A Visual Tour of Bolivia’s Salar de Uyuni

Bolivia’s Salar de Uyuni is easily the country’s most popular attraction. Tourists come from all over to see the otherworldly landscapes: from immense salt flats to colorful mountains and lakes to Dali-reminiscent deserts. When I was in Cochabamba for my Master’s internship I knew I had to make the trip there. My journey there was an adventure in and of itself, I had gone first to Sucre but the road from there to Uyuni was blocked by protestors so I made a really roundabout trip that lasted about 24 hours which involved some harrowing driving, chickens and construction materials as carry-ons, a driver that didn’t know where he was going on the overnight bus trip and bathroom breaks without bathrooms.

Once I finally got to Uyuni and picked the company for the tour I was put together with five other explorers who became my constant companions and friends for the next few days. Our driver was grumpy and our car was not in the best of shape but the scenery was unparalleled.

There is already so much information about this destination online so I’ve decided to just share my favorite photos from this trip to let them do the talking. Enjoy!

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Isla del Sol: Where the Sun was Born

I’ve been thinking a lot recently about la Isla del Sol as it seems that many friends are planning trips to Peru and Machu Picchu and I’ve been telling them something I’ll tell you now: I liked Isla del Sol better than Machu Picchu. Nothing against Machu Picchu, it was amazing and beautiful and I loved it, but the energy and experience of Isla del Sol topped it in my book. Isla del Sol is an island on Lake Titicaca, an enormously large and profoundly deep lake on the border of Peru and Bolivia. The two popular islands are la Isla de la Luna and la Isla del Sol on the Bolivian side where the Incan god of the sun was born. One of the reasons I love Isla del Sol so much is because of this feeling of spiritual energy I had when I was there, the ruins are not as impressive as other sites (like Machu Picchu) but I felt something really profound when I was there and left feeling cleansed in a way. Another reason I loved this place so much is that there is a fraction of the amount of tourists as other Inca ruins (like Machu Picchu) and the people that live on the island still make their living from farming or herding cattle. I don’t love feeling like a tourist when I travel so I loved coming to a place where you share the road with donkeys and sheep.

My Isla del Sol experience started in Copacabana, a larger town on the shores of Lake Titicaca in Bolivia. I stayed the night there because I had arrived around mid-day and thought it’d be better to wait till morning to head out to give me a chance to see the town. Looking back, I think I maybe would have enjoyed more going straight to Isla del Sol because Copacabana doesn’t have too much to do as a solo traveler although I was able to climb up to a good viewpoint of the lake where lots of Bolivians were making offerings to Pachamama, mother earth, and see the sunset.

So first thing in the morning I got a boat to Yumani, on the southern side of Isla del Sol. Once you arrive you are greeted with a long and steep climb up some rocky stairs and winding paths before you reach the top. Along the way and at the top are small hostels where you can get a room for the night. I made a reservation at one that was almost to the top and ditched the things I wouldn’t need for the day since I planned to walk all around the island. There are paths that lead from Yumani to Ch’allapampa on the northern side and pass by the majority of the ruins on the way. You have to pay for an entrance ticket which gives you access to the route and goes to the indigenous community there who maintains the area. I took the upper trail on the map below in the morning and saw most of the ruins along the way.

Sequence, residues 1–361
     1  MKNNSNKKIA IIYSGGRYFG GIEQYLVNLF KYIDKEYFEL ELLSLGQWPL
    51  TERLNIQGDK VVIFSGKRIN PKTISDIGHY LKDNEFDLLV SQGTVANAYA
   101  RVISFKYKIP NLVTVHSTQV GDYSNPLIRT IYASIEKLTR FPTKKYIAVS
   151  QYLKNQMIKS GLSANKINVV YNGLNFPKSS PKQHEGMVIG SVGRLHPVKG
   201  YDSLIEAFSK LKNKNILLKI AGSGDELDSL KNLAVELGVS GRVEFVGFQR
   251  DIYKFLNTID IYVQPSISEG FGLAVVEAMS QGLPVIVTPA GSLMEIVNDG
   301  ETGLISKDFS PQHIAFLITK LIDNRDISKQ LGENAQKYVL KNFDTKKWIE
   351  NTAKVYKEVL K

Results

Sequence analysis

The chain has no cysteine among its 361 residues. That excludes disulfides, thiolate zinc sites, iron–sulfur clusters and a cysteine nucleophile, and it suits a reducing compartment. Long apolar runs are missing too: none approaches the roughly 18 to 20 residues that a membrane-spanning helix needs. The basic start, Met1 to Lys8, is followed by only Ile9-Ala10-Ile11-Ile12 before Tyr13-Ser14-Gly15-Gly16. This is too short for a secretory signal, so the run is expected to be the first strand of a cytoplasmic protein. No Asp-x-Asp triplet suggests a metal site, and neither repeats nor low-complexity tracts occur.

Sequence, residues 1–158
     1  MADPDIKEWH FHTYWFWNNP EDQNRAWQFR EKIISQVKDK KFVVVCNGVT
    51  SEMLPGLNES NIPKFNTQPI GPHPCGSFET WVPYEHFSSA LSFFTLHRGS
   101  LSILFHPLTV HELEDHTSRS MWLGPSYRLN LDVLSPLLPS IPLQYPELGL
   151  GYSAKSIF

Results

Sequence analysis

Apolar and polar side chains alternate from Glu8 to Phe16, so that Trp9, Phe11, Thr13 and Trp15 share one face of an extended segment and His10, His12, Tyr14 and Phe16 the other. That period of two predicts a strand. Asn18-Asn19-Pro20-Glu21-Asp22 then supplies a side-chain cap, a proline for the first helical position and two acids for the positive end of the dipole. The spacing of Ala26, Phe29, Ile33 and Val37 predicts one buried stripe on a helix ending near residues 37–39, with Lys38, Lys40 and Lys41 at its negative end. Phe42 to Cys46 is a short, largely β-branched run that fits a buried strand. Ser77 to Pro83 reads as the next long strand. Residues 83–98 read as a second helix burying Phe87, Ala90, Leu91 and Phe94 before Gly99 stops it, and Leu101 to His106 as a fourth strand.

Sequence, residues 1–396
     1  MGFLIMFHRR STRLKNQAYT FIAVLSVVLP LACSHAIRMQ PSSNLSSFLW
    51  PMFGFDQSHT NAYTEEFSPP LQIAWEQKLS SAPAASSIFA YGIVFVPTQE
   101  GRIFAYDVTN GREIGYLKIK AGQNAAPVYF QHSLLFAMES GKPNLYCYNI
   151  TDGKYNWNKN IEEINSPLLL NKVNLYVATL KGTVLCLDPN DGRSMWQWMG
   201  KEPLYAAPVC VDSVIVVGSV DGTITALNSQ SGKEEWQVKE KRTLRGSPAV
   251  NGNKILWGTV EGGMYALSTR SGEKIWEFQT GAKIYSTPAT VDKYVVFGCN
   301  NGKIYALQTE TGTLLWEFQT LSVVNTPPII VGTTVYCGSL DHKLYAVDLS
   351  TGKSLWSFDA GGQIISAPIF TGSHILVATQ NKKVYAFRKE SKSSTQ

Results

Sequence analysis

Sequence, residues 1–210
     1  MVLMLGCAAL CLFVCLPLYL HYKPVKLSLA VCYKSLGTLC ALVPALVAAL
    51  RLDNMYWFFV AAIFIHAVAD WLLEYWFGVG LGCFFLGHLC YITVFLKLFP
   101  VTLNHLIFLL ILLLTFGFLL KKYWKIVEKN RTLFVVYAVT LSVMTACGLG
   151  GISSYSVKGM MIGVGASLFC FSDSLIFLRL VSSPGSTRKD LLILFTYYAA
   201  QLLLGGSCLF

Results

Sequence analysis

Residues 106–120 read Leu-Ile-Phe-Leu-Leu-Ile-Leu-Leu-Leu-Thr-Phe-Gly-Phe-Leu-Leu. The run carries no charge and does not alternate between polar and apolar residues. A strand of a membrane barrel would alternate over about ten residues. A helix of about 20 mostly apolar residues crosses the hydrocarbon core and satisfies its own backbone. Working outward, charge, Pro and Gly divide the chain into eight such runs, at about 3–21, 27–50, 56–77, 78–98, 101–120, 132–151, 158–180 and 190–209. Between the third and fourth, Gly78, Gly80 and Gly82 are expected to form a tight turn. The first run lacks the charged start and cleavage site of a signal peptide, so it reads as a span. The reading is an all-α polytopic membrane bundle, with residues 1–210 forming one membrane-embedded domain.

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I had met up with some fellow female solo travelers on the trail so we walked along checking out the sites and taking pictures. I hadn’t done prior research on the meaning of the sites so I was left to mostly guess what they were supposed to be though my guide book did give short descriptions – there’s one stone reminiscent of Chronicles of Narnia supposedly used for human sacrifice. There are small booths along the way run by the community where they sell snacks and water but I didn’t eat too much along the way until I got to Ch’allapampa. You hike down to get into the community which is right on the open beach with little hostels and restaurants all around. The boat from Copacabana also stops by Ch’allapampa and many people make the trek one way along the island and stay in the north for the night to get the boat back in the morning. I had decided to make the full loop however so when I finished lunch I left my companions for the day behind and started walking at a quicker pace to make it back to Yumani before nightfall. There are not really any ruins on this other trail but the landscape is beautiful, occasionally dipping into wooded areas before coming out to open expanses where you can look out over the lake the the mountains beyond. I really loved walking along this section by myself and it’s where I really felt something powerful. I made it back to Yumani just in time to watch the sunset as I ate dinner outside.

My hostel was very basic and the night was quite chilly but I woke up in the morning to the sight of the sun rising over the mountains beyond Lake Titicaca. That view and that moment really encapsulated my experience at Isla del Sol: clean crisp air, incredibly blue water and sky and a feeling of being born again with the sun.